By on March 28, 2011

A shortage of engine-related micro control units (MCUs) resulting from damage to Japan’s Renesas Electronics plant in Naka will curtail global auto production, says the market intelligence service ICSIS, citing a report by Germany’s Deutsche Bank. Renesas Electronics is the world’s biggest maker of automotive microcontrollers. It more and more emerges as a “key bottleneck in Japan’s parts shortage,” says Automotive News [sub]. One of its two auto-related factories damaged by this month’s earthquake won’t be operational until July.

Renesas supplies 18-20 percent of the world’s automotive MCU market. About 70 percent of the production is sold to Japanese automakers, the remaining 30 percent goes to US and European car companies. “The supply of these MCUs is not easily replaceable,” says ICSIS, “as boosting production at other sites could take as long as six to nine months.”

Renesas has only recently turned the lights back on at its Naka plant in the disaster zone. Engineers are now assessing damage to clean rooms and wafer fabrication lines.

Deutsche Bank estimates that 12 percent of the U.S. Big Three production is affected by the MCU disruption. In a worst-case scenario, global auto production of around 76m units last year could be reduced by 7.5 million to 11 million units, or 10-14 percent, say the bankers.

If Renesas is a bottleneck, power shortages are a huge barrier. As reported two days ago, car companies are thinking about rotating rationing. According to a report by Automotive News [sub], the electronic industries don’t want to be left behind and demand rotating production holidays between the automotive and electronics industries. This, or an overall reduction in electricity use in exchange for a minimal but steady supply, are seen as the likely options by the Japan Automobile Manufacturers Association, says Automotive News. In summer, Japan is estimated to be battling a power shortfall of 25 percent. Whatever option will be taken, power consumption and thereby production will be curtailed sharply for a long time.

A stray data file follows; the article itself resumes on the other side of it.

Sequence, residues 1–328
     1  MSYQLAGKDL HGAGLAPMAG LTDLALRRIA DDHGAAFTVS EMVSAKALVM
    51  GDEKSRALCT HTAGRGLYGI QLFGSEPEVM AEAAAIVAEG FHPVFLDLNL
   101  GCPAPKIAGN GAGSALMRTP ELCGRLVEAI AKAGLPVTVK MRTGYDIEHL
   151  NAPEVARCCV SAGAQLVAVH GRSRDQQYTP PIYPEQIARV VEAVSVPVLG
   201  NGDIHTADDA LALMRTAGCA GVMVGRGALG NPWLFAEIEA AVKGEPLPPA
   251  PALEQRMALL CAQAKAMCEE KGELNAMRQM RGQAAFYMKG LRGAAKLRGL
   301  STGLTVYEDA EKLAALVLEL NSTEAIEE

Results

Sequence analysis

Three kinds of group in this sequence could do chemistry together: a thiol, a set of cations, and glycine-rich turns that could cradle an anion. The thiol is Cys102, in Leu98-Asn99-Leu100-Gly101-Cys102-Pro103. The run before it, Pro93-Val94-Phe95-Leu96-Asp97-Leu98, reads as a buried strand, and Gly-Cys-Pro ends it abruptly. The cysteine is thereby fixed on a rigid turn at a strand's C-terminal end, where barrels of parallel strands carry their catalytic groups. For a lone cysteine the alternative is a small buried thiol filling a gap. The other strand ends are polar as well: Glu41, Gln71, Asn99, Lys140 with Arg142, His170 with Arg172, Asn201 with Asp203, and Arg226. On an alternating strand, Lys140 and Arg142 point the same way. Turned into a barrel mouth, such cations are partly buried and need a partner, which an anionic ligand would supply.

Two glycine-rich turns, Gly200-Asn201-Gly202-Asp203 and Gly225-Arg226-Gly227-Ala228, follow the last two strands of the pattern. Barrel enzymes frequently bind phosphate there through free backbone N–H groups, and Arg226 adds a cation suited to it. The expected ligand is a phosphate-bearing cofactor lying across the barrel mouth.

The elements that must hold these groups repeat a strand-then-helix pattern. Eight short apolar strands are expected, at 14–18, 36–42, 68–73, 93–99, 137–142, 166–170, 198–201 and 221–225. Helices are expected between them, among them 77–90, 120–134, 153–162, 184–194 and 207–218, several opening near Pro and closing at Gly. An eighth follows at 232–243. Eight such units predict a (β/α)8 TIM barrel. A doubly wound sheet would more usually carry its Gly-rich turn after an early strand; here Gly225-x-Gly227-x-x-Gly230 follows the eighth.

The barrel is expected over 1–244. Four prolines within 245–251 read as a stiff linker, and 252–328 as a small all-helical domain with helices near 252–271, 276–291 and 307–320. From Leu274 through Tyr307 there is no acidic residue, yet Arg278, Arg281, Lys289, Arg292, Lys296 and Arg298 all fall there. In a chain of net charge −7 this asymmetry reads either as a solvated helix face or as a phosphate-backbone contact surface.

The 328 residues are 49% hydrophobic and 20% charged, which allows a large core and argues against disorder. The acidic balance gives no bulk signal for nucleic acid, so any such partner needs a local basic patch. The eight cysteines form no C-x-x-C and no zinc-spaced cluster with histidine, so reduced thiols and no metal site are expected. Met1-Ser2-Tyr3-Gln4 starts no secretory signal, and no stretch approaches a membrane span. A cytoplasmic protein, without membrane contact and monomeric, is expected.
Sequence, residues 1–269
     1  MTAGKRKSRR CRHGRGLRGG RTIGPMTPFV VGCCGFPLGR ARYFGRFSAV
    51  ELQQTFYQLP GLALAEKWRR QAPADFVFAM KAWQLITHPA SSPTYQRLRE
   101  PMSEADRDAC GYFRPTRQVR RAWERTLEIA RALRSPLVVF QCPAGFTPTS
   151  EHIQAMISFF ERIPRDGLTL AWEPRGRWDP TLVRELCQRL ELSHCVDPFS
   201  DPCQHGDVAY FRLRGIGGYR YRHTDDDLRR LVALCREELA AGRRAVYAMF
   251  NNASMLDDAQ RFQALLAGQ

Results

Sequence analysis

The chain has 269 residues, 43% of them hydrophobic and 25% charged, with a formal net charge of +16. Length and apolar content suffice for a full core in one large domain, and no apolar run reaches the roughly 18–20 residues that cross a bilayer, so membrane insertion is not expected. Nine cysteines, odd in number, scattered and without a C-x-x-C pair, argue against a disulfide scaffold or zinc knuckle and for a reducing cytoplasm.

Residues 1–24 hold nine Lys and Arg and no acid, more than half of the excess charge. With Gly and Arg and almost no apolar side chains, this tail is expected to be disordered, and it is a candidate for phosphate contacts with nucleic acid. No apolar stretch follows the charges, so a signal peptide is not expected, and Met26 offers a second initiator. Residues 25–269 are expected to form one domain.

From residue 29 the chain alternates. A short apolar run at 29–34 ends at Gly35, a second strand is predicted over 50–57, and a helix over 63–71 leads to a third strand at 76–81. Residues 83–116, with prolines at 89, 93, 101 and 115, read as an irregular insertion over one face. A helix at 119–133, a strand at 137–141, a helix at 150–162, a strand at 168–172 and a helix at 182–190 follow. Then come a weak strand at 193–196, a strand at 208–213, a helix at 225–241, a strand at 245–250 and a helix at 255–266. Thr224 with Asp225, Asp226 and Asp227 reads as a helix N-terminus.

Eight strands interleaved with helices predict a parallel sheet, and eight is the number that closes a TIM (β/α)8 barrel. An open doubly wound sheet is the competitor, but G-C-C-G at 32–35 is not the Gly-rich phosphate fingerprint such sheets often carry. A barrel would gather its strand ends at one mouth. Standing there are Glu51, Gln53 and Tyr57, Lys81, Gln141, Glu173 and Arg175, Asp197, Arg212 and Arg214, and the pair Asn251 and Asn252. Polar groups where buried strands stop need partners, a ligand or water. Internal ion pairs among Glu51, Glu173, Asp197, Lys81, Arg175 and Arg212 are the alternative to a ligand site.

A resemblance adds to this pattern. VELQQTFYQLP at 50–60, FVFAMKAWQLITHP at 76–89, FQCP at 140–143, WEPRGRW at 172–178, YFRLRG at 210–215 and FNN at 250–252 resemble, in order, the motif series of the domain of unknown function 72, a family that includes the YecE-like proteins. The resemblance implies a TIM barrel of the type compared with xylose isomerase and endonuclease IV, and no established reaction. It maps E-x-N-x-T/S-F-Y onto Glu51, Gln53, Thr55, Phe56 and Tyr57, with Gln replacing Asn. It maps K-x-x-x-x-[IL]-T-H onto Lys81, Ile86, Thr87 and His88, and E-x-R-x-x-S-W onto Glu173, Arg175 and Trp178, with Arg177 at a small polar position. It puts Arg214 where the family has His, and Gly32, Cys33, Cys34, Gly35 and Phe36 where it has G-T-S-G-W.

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16 Comments on “Parts Paralysis: A Shuttered Chip Plant Could Cost Up To 11 Million Cars Worldwide...”


  • avatar
    Steven02

    Would be great to know which makes and models are specifically effected by this.  Going to make for some interesting logistical problems solving for all auto makers.

  • avatar
    Jimal

    Might this be an opportunity to move some of this production that is for domestic consumption (at least) back to the U.S.? I don’t see these shortages being a short-term issue.

    • 0 avatar
      HoldenSSVSE

      In a similar line of speculation; if these delays go from weeks to months, and become further hampered by a lack of electricity, water, or fuels then Japanese manufacturers will have to look to other producers to keep production going (and not just for MCUs).  So what happens when those jobs get outsourced out of necessity – do they ever come back?

      Ironically the earthquake and rebuilding effort with strengthen the Yen as their currency flows back into Japan, making the manufacturers even less competitive in the global markets and making outsourcing to places like, well North America due to a weak US dollar and available trained workers and tax breaks, very attractive.

    • 0 avatar
      OldandSlow

      The manufacturing jobs can be outsourced to places like Indonesia, Malaysia or Thailand won’t be returning to Japan.

    • 0 avatar
      th009

      Opening an entire new plant takes years, though, so it’s not a short-term solution.  Unless an existing plant can’t be rebuilt at all, it’ll still be the quickest alternative.

    • 0 avatar
      Jimal

      Considering how comprehensive the destruction is in regions of Japan, starting with a clean slate in the U.S. might be quicker than putting something back together after the clean up.

  • avatar
    th009